Never miss a story

Get subscribed to our newsletter

The virus, besides reminding us of our fragile hold on life, has brought us closer to nature. Pixabay

Dear parents, please take note. Researchers have found that children who feel connected to nature are also more likely to be happier.

The study, published in the journal Frontiers in Psychology, showed that connectedness to nature makes children happier due to their tendency to perform sustainable and pro-ecological behaviours.

“Parents and teachers should promote children to have more significant contact or exposure to nature, because our results indicate that exposure to nature is related to the connection with it, and in turn, with sustainable behaviours and happiness,” said study researcher Laura Berrera-Hernandez from Sonora Institute of Technology in Mexico.

The researchers stated that a disconnection to nature, termed ‘nature deficit disorder’, may contribute to the destruction of the planet, as the lack of a bond with the natural world is unlikely to result in desire to protect it.

For the findings, the research team recruited 296 children between the ages of 9 and 12 from a northwestern Mexican city.

All the participants were given a self-administered scale completed in school to measure their connectedness to nature, sustainable behaviours (pro-ecological behaviour, frugality, altruism, and equity) and happiness.

This included measuring their agreement with statements about their connectedness to nature, such as ‘Humans are part of the natural world’ and statements about their sustainable behaviours, such as ‘I separate empty bottles to recycle’.

The researchers found that in children, feeling connected to nature had positive associations for sustainability practices and behaviours, and also led to children reporting higher levels of perceived happiness.

This suggests that children who perceive themselves to be more connected to nature tend to perform more sustainable behaviours and therefore also have greater levels of happiness.

Previous research on adults had suggested a relationship between connectedness to nature and the development of pro-environmental behaviours, and the happiness derived from these.

ALSO READ: “I Feel Blessed To Be an Actor At a Time Where I can Root For Social Causes on Screen”, Says Actor Ayushmann Khurrana

Despite the study’s limitations of only testing children from the same city, the results provided insight into the power of positive psychology of sustainability in children. (IANS)


Photo by Campaign Creators on Unsplash

Services and products, like at-home workouts, popped up all over social media from new and exciting businesses.

By- Laura

The pandemic brought about a global boom of entrepreneurship in 2020. Thousands of small businesses launched in the UK last year, and many were very successful. Some businesses started as passion projects, while others aimed to fill a hole in the pandemic market. Services and products, like at-home workouts, popped up all over social media from new and exciting businesses. The pandemic left many Brits financially unstable and scared for the future of their career. Launching their own business gave them something to focus on again and a small amount of income.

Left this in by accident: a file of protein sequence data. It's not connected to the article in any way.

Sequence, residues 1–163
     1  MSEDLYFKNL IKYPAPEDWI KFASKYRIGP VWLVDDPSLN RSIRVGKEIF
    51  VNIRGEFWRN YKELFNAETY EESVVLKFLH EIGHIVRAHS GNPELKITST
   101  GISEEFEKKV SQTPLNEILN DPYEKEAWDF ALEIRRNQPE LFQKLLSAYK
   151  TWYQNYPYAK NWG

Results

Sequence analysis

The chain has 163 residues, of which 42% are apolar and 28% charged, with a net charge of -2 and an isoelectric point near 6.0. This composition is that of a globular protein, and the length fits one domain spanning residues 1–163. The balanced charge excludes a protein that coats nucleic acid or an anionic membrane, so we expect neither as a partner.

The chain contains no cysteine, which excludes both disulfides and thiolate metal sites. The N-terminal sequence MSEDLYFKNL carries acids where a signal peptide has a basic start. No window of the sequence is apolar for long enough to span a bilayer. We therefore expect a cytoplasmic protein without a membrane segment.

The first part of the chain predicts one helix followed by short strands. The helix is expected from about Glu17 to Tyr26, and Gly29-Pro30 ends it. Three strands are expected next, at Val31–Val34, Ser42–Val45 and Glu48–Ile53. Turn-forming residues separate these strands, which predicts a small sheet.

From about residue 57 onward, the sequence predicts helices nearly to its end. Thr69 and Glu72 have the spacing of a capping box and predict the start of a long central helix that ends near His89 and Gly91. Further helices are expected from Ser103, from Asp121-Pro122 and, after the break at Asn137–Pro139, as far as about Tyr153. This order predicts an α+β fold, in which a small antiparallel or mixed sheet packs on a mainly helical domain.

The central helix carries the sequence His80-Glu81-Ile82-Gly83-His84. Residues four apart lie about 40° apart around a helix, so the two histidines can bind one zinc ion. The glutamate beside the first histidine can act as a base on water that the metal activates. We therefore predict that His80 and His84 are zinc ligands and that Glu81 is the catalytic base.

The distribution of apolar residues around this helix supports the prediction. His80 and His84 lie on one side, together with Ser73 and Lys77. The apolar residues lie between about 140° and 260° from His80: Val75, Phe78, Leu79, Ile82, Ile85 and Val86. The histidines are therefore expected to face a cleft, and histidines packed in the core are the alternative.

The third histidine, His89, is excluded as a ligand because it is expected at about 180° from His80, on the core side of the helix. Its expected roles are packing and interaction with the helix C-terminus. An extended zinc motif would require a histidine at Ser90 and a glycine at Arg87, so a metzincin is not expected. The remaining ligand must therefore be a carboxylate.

Keep Reading Show less
Wikimedia Commons

The brand focuses on creating quality products that are high efficacy made with all-natural and no chemicals in the formulae.

One of Indias fast growing Direct To Consumer (DTC) beauty and personal care brands, MyGlamm, launches its national TVC around the message 'All Natural #NoNasties today with actress Shraddha Kapoor, who is also an investor in the brand.

Kapoor who has a great millennial and Gen Z connect introduces 'My SUPERFOODS Kajal' which has No Parabens, No Mineral Oils, No Nasties while still being long-lasting and smudge-free and made with the goodness of nature. This is followed by many girls trying applying the kajal with confidence and while highlighting the ingredients Avocado Oil, Goji Berries, Vitamin E and Sunflower Seed Oil.

Keep Reading Show less

Phishing attacks targeting organisations rose up considerably during the pandemic.

Phishing attacks targeting organisations rose up considerably during the pandemic, as millions of employees working from home became a prime target for cybercriminals. A large majority (83 per cent) of IT teams in India said the number of phishing emails targeting their employees increased during 2020, according to a report by UK-based cybersecurity firm Sophos on Monday.

"It can be tempting for organisations to see phishing attacks as a relatively low-level threat, but that underestimates their power. Phishing is often the first step in a complex, multi-stage attack. According to Sophos Rapid Response, attackers frequently use phishing emails to trick users into installing malware or sharing credentials that provide access to the corporate network," Sophos' Principal Research Scientist, Chester Wisniewski said in a statement. The findings also reveal that there is a lack of common understanding about the definition of phishing. For instance, 67 per cent of IT teams in India associate phishing with emails that falsely claim to be from a legitimate organisation, and which are usually combined with a threat or request for information.

Scam Phishing Fraud The findings also reveal that there is a lack of common understanding about the definition of phishing. | Pixabay

Keep reading... Show less